All too often, parents get upset and yell, which only escalates the situation. Fay provides a useful hand-out for parents that describes the ‘Love and Logic’ approach (Fay, hopelbc.com) in which he notes how to deal with arguments. Fay recommends that parents “just go brain dead” during conflicts. What he means is, they should not argue, but remain calm, show empathy, and express their love for their child. He suggests that parents tell their children “I love you too much to argue.”
This does not mean giving-in; as ‘Love and Logic’ parenting is not permissive. The parent still needs to make the child accountable for his/her behavior by understanding the consequences. But when the message is communicated in a loving way, the child is less likely to regard his/her parent as the enemy.
Fay describes this approach as a way to “lock in our empathy, love, and understanding” (Fay, hopelbc.com). Over time, the child will develop an internal voice in which he/she questions the negative outcomes of subsequent decisions. By internalizing this message, the child will be in a better position to make healthy choices in the future (Fay, 2019).
Along with this approach, 32 tips for dealing with temper tantrums and encouraging good behavior are as follows:
- Always follow-through with your words
- Be a role model of calm behavior when you are frustrated
- Be calm – don’t yell or act angry
- Be consistent
- Be prepared for future tantrum triggers
- Be warm and loving regardless of how you feel
- Briefly explain why the child isn’t getting his/her way
- Do NOT reward the tantrum
- Do something to calm yourself down
- Don’t argue (maybe say “I love you too much to argue”)
- Don’t let the issue escalate
- Don’t try to control the tantrum; wait-it-out
- Don’t worry about what others think – (i.e., glares don’t matter)
- Don’t take the behavior personally
- Empathize with the child’s feelings
- Give him/her a hug when calmed-down
- Give the child choices
- Have a cooling-off period
- Keep your language warm and simple
- Leave the scene (do NOT give the child an audience)
- Make clear rules for expectations and consequences
- Make the child accountable for his/her actions
- Remember that all kids have tantrums
- Share your own ways of coping with similar situations
- Talk to the child about his/her feelings
- Talk to the child about solutions to the problem
- Tell your child you love him/her no matter what
- Think of your long-term parenting goals
- Try to distract the child
- Understand your child’s developmental period
- Use a soft voice
- Use plenty of positive reinforcement with kids for good behavior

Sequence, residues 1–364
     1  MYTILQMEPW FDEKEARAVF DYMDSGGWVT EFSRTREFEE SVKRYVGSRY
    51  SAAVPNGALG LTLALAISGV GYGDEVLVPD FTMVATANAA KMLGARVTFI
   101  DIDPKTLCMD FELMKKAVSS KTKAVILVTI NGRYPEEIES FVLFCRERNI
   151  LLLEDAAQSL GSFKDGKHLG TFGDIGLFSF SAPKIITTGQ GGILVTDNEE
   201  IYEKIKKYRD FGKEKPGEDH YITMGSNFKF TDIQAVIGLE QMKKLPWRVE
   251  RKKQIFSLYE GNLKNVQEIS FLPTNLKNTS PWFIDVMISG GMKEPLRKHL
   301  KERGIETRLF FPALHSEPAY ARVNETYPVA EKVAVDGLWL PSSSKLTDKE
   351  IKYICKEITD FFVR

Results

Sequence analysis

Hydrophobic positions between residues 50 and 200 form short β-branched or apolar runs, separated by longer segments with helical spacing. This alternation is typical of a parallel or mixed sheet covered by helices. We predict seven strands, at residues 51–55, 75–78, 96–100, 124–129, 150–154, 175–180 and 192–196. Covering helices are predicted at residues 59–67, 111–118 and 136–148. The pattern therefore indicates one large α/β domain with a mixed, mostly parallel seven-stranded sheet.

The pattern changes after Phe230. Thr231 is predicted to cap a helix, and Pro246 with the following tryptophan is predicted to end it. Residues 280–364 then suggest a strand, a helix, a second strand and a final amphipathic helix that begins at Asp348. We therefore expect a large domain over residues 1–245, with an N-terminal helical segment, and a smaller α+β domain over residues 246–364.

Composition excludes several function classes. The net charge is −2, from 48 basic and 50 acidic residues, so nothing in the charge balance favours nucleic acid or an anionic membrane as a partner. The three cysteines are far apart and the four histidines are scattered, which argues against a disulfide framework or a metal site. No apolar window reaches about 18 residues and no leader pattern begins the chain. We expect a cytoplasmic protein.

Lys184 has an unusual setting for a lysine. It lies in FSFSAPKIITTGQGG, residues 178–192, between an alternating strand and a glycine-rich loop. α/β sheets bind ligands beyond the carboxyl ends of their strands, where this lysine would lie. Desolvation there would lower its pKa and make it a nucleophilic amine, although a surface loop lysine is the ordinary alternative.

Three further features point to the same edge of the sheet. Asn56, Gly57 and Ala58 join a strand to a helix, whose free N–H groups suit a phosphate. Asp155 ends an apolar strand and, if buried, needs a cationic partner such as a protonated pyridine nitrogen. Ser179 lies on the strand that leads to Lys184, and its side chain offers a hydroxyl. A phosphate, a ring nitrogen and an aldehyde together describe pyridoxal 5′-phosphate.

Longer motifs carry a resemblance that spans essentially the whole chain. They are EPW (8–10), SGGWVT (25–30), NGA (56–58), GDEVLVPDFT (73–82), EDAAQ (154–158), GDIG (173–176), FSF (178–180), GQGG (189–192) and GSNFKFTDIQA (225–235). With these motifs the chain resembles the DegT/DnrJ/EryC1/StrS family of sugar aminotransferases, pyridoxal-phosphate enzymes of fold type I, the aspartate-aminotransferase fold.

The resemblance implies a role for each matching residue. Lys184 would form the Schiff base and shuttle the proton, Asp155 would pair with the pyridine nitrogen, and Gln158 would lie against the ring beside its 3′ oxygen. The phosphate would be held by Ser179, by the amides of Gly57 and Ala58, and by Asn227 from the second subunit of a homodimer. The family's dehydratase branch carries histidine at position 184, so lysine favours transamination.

40 Positive Parenting Techniques to Use at Bedtime
Is there any doubt that getting kids to go to bed is at the top of the list when it comes to parenting challenges?
Among pediatric sleeping disorder specialists, children who won’t go to bed has been reported as the most frequent reason for parents seeking help (Ferber, 2006). Such parents are typically at a loss in terms of what to do; which is exacerbated by their own exhaustion.
Indeed, seeing parents who are frustrated by this issue to the point of tears, is not an unusual sight for pediatricians. It is estimated that 20-30% of babies and children have sleeping issues (Bruni, Violani & Luchetti et al., 2004).
Children’s consistent sleeping disturbances have many deleterious consequences including difficult parent-child relationships, anxiety, and distress among children and parents, marital problems, familial stress, and issues in terms of children’s cognitive and behavioral functioning (Bruni et al., 2004).
Parents may also doubt their own parenting competency and feel guilty for not being able to fix it. Yelling only makes it worse for parents and children alike. Of course, some parents might simply give-up the fight due to their own need for sleep by letting the child sleep in their bed— which only creates more problems and is typically at odds with long-term parenting goals.
Allowing a routine in which the child sleeps with the parents fails to teach the child how to self-sooth and fall asleep on his/her own. Not to mention the potential lack of sleep and marital issues that may result from the “family bed” situation. Fortunately, parents dealing with their child’s ongoing sleeping problems neither need to give-in nor go crazy; there are solutions.